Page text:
Knowledge CentreTechnical Resources SearchConference PapersEvaluation of the Effectiveness of Different Mix Types to Reduce Noise Level at the Tire/Pavement Interface

Evaluation of the Effectiveness of Different Mix Types to Reduce Noise Level at the Tire/Pavement Interface


Quiet pavement is designed specifically to reduce highway noise. Many factors play a role in the generation of sound due to tire-pavement interaction. These include: 1) tire size, design, condition (new versus worn) and loading; 2) vehicle type, size, condition (new versus old) and speed; 3) traffic volumes; 4) pavement porosity; and 5) pavement surface texture. Assuming all other factors are constant, the traffic noise levels will vary with variation in pavement surface characteristics such as porosity or texture. Therefore, to minimize tire-pavement noise, the type of pavement surface and/or the associated texturization are of paramount importance. Tire-pavement noise has become an increasingly important consideration for highway agencies as the public consistently demands that highway traffic noise be mitigated. Although sound walls provide a means for addressing highway noise, improved pavement structures and surfaces may provide a competitive alternative for noise mitigation. While the approaches may differ slightly from agency to agency, the general practices observed include using both quieter pavements and noise barriers, as well as implementing policies that set noise level thresholds and seek noise reductions from both vehicles and tires. Overall, the European approach was found to be more comprehensive than U.S. practices, addressing nearly every aspect of noise reduction. As part of the effort in evaluating different methods for reducing noise level on freeways, MTO initiated a project by building five trial sections to examine the effect of various asphalt mixes in reducing the tire-pavement noise level. These include two types of open friction course, stone mastic asphalt, open graded rubberized asphalt concrete, and a control section. Immediately after construction, pavement noise measurements were performed using the ON-Board Sound Intensity (OBSI) method for measuring the noise level at the tire/pavement interface using a sound intensity probe. All five test sections were measured simultaneously, by driving the vehicle across the test area. Three different speeds, 60 km/h, 80 km/h, and 100 km/h were used. Multiple passes were undertaken to obtain at least 2 valid measurements per test section. This paper will present results of the investigation analyzing the effects of different mix types in reducing the noise level generated as a result of interaction between tire and pavement surface.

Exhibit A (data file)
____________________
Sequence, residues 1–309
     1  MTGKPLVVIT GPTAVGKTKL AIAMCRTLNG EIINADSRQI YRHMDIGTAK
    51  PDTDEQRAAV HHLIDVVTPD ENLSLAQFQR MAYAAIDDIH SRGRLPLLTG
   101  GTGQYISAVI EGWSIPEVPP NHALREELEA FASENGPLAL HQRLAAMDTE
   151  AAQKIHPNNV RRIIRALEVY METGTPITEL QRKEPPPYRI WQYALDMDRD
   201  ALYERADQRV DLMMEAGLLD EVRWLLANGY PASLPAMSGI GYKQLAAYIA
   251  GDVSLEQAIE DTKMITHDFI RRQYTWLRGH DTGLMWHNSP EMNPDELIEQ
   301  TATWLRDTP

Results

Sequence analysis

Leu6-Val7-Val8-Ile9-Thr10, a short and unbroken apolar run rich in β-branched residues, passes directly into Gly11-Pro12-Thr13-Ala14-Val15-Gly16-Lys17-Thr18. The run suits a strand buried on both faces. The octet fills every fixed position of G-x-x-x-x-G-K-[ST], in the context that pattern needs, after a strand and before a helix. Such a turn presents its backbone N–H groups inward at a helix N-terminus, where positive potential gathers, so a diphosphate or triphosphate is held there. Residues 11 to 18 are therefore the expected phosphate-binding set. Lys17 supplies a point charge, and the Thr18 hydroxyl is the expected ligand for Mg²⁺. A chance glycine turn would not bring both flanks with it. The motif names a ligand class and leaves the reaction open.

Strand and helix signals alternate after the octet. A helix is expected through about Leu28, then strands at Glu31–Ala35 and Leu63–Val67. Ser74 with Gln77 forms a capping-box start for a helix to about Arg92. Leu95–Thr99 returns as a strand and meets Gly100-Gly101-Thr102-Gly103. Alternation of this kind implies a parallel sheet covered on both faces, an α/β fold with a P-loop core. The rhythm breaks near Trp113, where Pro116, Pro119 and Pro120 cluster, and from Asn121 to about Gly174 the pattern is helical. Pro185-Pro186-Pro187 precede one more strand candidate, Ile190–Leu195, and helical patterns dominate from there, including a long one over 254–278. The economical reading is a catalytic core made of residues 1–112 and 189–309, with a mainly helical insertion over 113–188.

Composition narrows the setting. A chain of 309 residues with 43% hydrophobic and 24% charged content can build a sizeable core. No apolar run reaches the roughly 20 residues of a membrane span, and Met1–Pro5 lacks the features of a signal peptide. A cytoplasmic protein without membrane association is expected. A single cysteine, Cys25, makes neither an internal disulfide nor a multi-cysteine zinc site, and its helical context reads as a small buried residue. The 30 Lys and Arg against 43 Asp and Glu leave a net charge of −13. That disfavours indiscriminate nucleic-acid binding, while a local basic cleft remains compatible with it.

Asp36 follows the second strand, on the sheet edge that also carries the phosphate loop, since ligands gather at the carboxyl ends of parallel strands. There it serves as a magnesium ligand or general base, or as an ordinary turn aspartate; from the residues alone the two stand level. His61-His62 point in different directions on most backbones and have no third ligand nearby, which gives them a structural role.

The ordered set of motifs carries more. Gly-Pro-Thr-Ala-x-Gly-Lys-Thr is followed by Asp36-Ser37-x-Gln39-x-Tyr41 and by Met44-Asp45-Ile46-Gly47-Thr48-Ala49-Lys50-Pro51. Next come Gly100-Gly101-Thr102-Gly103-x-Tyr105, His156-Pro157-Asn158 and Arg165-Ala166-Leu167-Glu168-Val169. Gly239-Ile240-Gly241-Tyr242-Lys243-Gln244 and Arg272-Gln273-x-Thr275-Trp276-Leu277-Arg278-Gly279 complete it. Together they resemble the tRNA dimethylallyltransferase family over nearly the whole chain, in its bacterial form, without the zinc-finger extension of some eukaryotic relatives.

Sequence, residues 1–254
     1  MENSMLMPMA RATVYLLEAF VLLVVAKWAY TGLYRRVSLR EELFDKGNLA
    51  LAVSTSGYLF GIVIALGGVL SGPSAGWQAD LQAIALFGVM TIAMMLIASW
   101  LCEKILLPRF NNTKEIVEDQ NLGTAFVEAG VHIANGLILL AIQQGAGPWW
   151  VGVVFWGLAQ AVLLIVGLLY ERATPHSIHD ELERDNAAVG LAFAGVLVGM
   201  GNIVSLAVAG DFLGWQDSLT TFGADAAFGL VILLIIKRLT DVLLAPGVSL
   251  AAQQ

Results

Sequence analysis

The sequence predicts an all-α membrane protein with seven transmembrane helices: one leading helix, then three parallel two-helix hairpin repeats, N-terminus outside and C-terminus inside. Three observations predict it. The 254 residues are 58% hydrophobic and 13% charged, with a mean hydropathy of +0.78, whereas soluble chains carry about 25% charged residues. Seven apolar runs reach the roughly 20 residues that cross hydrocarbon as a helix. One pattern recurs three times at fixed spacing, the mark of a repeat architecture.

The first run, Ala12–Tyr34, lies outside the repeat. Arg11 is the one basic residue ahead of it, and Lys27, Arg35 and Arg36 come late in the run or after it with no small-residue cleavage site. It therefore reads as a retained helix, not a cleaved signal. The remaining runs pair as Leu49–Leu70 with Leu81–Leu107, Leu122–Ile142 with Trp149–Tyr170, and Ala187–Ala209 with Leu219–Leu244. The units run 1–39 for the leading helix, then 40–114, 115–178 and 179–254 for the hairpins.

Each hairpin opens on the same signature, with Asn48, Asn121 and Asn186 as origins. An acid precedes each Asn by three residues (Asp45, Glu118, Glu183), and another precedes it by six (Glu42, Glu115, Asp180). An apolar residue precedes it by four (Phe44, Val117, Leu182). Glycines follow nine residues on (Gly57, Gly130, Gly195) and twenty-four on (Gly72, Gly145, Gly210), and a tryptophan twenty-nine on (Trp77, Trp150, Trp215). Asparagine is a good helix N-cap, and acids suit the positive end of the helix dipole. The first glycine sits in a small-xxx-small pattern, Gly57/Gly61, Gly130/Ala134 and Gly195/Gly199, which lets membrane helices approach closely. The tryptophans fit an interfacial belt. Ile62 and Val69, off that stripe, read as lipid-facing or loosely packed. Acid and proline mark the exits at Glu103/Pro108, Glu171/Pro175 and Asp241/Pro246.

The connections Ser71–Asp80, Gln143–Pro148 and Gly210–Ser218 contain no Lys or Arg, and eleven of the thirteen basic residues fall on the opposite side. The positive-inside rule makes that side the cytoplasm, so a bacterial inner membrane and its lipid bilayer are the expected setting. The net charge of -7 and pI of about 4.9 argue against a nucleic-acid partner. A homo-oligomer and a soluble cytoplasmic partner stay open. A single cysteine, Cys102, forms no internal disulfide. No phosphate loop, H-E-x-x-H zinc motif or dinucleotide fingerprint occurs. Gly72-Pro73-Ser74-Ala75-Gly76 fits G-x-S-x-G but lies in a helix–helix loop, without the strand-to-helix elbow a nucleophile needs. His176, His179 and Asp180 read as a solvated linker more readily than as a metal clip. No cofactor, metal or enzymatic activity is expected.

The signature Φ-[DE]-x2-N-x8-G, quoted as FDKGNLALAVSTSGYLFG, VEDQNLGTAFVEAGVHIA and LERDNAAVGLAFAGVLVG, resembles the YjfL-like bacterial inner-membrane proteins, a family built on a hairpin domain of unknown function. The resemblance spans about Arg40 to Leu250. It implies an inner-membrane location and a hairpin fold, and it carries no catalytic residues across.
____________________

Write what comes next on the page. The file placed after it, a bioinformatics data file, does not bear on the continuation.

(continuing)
Conference Paper Details

Session title:
Joseph Ponniah
Seyed Tabib
Becca Lane
Chris Raymond